March is National Nutrition Month! National Nutrition Month was created by the Academy of Nutrition and Dietetics to inform and educate about nutrition. From ages two to five, children’s bodies grow and develop in accordance with their diets. Having good health and nutrition will keep your child on the proper growth track. Creating knowledge of a balanced diet at a young age can help guide their food choices in the future. Everyone knows that having good nutrition leads to good health, but did you know that it also links to students’ academic success? Here are some ways that you can introduce topics of nutrition and healthy foods into your early childhood classroom.
Start by introducing the different food groups by creating a food group graph. Label the columns of the food groups (Fruits, Vegetables, Grains, Dairy, Protein, and Sweets). Explain what each category is and why they are important. Print out and label pictures of different foods – some food they definitely know, and some they may not. Help guide the children to place the foods into the proper category.
Seeing a rainbow is beautiful, but eating a rainbow can fill children with essential vitamins and minerals. Inspire children to eat a rainbow each day by finding different healthy foods of each color. This project might even inspire them to eat new fruits and vegetables!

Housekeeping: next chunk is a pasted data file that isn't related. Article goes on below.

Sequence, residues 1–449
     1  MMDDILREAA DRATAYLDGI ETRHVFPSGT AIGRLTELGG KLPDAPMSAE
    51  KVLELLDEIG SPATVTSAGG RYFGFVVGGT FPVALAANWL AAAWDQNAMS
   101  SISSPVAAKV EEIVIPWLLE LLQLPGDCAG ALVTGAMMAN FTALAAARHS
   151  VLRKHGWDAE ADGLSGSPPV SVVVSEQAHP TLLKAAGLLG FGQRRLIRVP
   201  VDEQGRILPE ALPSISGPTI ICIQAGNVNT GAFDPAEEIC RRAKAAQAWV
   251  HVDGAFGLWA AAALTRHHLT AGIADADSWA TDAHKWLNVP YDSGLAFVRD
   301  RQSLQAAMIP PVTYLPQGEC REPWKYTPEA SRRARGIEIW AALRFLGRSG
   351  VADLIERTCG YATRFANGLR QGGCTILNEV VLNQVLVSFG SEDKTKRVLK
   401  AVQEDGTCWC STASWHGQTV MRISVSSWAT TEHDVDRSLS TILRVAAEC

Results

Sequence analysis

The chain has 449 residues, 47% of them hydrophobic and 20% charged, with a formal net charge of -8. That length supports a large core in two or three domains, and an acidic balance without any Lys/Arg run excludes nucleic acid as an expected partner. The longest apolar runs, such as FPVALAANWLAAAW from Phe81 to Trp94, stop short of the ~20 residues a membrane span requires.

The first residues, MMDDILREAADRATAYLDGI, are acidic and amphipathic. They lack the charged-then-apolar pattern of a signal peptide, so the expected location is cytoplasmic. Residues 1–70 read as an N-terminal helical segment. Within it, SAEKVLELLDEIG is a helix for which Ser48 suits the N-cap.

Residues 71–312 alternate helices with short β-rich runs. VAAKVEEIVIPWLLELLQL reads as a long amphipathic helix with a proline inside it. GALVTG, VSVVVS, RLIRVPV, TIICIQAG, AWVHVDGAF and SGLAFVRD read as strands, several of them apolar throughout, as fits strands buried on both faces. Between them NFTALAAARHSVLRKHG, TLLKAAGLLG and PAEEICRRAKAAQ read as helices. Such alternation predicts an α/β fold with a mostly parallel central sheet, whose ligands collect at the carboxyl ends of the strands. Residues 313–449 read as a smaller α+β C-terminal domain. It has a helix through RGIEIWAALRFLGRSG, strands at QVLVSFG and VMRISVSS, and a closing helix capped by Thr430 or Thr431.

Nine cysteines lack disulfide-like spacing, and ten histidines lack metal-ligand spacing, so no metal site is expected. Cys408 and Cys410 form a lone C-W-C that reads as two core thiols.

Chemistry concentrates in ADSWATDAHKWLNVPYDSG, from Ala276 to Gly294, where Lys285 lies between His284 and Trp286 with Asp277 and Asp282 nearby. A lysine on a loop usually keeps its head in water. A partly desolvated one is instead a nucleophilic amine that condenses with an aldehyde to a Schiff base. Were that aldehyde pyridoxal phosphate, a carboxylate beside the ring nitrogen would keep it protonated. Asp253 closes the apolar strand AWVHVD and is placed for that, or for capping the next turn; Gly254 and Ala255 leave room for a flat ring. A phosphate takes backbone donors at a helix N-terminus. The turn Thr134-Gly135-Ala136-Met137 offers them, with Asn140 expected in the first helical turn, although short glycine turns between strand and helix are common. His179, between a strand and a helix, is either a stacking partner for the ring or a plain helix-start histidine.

Get cooking in the classroom by preparing vegetable soup! Ask parents to donate one item of the vegetable soup recipe. First, start by reading Growing Vegetable Soup by Lois Ehlert. Growing Vegetable Soup is a popular book with great illustrations that will capture the attention of the children but also get them excited to make the soup! After reading the book, get started on the soup! Using plastic knives, invite the children to use their fine motor skills by cutting up some of the vegetables. Put the soup in a slow cooker, and serve to children either that day or the next!
Keep in mind that a good diet paired with exercise leads to a healthy lifestyle. Get your children playing actively several times a day, and reduce daily screen times to avoid inactivity.
For more information about nutrition for children visit here.